Director Bong Joon-ho made history earlier this year, as his film Parasite became the first movie to ever win Best Picture and Best International Feature Film at the Oscars. Building a career of certified hits, and steady acclaim, over his 20 year career as a helmer, Joon-ho’s resume is as eclectic as it is respected. Which makes the timing absolutely perfect for a re-release of his 2003 film Memories of Murder, as Bong Joon-ho’s second film is being revitalized with a new re-issue through theatrical and home video platforms.
In 1986, a series of murders and rapes plague a village in rural South Korea, with its continued investigation making up the majority of Memories of Murder’s story. Throughout this case’s progression, we see a veteran local detective (Song Kang-ho) and younger detective (Kim Sang-kyung) brought in from Seoul to help crack the case. They butt heads with each other, and their co-workers, as they face one dead end after another. As the clues start to fall into place, the work of these men threatens to consume and transform them into totally different people than when they started.
Memories Of Murder is still an absolutely stunning film almost 20 years later.
Memories of Murder is an absolute must-see, whether you’re a fan of Bong Joon-ho’s more recent filmography, or even if you’re just a fan of murder mystery tales. Joon-ho not only directed this film, but he also co-wrote it as well, helping to adapt Kim Kwang-rim’s stage play, which was based on a real series of murders. While this is a film with almost two decades removing it from the present day, Memories of Murder is still absolutely stunning.
All of the sensibilities that Bong Joon-ho showed off with much style and panache in Parasite are on display in Memories of Murder, which really helps with how this film has aged. Some movies are very much of their time, be it through storytelling techniques or even technical execution, and that doesn’t make them lesser films. But it’s still amazing how fresh this movie feels when compared to contemporary works, both visually and thematically.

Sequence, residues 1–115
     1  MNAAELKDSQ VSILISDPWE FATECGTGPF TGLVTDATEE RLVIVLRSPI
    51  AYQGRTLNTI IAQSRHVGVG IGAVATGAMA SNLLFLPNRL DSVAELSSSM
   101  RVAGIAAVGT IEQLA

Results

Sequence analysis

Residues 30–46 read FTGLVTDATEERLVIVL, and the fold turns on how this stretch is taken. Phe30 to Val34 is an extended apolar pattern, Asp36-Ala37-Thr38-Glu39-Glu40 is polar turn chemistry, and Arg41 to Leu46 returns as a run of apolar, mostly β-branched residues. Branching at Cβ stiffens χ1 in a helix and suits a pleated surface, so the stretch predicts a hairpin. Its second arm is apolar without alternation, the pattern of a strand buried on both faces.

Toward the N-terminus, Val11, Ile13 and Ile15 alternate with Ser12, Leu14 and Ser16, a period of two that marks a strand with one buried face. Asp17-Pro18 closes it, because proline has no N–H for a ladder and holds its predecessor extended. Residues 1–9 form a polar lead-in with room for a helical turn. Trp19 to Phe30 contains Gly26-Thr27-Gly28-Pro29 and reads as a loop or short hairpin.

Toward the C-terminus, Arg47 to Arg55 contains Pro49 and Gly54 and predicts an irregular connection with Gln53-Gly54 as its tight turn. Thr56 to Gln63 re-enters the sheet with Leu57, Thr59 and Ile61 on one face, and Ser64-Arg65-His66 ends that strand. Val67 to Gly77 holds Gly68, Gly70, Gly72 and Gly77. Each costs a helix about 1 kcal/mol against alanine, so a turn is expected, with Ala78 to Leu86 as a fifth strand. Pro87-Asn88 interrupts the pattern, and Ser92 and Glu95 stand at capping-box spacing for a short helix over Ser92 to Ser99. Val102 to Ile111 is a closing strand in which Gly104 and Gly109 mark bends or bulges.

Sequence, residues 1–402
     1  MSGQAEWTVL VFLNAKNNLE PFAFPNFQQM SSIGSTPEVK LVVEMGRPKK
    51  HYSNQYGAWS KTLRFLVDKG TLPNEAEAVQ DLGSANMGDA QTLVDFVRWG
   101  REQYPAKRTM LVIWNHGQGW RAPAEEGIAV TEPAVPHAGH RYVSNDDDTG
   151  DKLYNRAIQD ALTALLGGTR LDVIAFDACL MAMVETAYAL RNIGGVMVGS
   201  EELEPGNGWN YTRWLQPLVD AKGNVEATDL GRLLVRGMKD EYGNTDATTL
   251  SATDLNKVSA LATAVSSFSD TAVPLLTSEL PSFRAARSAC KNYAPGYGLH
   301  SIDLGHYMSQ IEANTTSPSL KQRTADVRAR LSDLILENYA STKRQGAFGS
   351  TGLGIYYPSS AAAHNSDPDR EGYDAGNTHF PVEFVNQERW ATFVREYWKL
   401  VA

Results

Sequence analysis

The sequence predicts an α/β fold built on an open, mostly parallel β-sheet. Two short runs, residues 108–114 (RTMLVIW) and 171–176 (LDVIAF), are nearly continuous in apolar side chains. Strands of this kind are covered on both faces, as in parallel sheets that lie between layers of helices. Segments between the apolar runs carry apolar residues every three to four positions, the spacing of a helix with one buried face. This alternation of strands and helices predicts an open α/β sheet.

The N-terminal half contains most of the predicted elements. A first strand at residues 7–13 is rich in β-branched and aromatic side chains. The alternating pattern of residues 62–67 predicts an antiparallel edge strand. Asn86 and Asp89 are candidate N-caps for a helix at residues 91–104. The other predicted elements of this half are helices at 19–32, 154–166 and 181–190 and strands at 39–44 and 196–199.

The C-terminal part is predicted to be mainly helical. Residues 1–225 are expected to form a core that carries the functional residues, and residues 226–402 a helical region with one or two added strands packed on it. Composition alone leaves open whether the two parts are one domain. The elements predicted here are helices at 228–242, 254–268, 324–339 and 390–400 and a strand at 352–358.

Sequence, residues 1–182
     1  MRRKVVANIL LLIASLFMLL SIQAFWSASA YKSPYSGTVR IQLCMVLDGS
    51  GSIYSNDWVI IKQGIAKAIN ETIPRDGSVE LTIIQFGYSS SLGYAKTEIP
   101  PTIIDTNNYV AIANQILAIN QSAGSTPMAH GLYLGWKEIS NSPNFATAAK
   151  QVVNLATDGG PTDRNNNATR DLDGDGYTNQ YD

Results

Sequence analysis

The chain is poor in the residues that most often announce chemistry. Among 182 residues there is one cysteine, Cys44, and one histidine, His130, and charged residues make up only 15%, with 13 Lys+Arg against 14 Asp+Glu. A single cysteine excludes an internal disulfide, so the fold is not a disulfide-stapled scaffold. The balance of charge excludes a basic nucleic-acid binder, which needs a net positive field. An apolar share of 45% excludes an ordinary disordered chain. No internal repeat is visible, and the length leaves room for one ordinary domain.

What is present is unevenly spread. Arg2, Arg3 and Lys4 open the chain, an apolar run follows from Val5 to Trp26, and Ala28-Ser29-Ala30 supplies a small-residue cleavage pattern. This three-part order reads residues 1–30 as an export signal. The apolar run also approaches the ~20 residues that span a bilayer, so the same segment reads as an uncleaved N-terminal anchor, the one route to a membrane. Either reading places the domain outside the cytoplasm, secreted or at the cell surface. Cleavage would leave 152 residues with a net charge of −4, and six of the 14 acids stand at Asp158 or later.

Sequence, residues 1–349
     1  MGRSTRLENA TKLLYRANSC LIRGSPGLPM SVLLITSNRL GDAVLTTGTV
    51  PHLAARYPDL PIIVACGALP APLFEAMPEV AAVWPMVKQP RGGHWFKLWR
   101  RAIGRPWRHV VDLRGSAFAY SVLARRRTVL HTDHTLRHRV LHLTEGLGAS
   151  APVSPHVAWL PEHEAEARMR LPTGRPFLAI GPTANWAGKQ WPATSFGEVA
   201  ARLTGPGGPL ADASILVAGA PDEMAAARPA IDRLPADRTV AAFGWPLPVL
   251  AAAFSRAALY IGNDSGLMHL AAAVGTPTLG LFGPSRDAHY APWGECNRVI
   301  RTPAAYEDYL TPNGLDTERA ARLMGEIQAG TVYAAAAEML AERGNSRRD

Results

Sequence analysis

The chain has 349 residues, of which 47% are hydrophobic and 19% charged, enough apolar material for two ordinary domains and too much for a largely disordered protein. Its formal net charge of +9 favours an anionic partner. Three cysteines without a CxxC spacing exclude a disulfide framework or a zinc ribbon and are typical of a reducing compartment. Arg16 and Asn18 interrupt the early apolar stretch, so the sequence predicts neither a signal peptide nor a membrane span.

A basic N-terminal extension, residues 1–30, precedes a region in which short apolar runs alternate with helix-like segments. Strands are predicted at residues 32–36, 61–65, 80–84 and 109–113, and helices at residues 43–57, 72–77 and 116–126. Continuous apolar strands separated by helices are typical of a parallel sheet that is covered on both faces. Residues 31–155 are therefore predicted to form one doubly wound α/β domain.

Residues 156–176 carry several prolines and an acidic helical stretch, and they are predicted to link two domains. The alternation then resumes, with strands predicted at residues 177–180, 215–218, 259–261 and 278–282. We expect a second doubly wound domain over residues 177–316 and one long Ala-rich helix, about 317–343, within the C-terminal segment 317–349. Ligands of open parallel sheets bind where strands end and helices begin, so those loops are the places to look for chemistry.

Bong Joon-Ho’s offbeat sense of humor and expert timing are sharp in Memories Of Murder.
Another aspect that preserves Memories of Murder for a more modern audience is the fact that Bong Joon-ho’s offbeat sense of humor and expert timing never goes out of style. The crimes depicted here are based on true events, and they’re chillingly heinous. Seeing the investigation of the horrible events that unfold is no less a terrible sight than if it would be in a deadly serious police procedural. Not satisfied with merely painting a portrait of “good cop/bad cop,” the morally mixed protagonists presented help Bong Joon-ho infuse Memories of Murder with a very humane sense of style.
Song Kang-ho’s Detective Park Doo-man and his colleagues get drunk and do karaoke together, interrogate suspects through beatings in between meals and watching TV procedurals, and bust each other’s chops regularly. It’s that humor and personality quirks enhance the mystery elements of Memories of Murder; because by the time the gravitas starts to ramp up towards the end of the film, the transformation of our characters hits you with great impact. You really feel for the protagonists on screen, and the investment into their work really pays off in the face of the film’s total experience.
Whether you’ve seen it before, or are new to it, Memories Of Murder deserves the wider release it’s getting now.
Bong Joon-ho’s filmography seems to have a common thread of knowing how to tell uncomfortable and grave stories with a sense of humanity and wit that both cushions and sharpens the blows when they come. Watching Memories of Murder feels like being able to see the exact moment genesis of the maestro’s very own palette, right down to this being the first of several collaborations between the writer/director and actor Song Kang-ho. Even in this first pairing, you can see why these artists would continue to work together, as the chemistry is absolutely electric.
Seeing Memories of Murder for the first time is another one of those moments where you're introduced to a classic that you somehow missed, but are forever grateful for once you’ve found it. A constantly moving murder mystery, audiences might see some of the turns coming, but the mystery on the whole is an elusive beast. The resolution is both satisfying and frustrating, keeping its viewers on the edge of their seats. If you’re a fan of Bong Joon-ho’s more recent output, you owe it to yourself to either revisit or discover the charms of Memories of Murder; a film that couldn’t have picked a better time to find a new audience.
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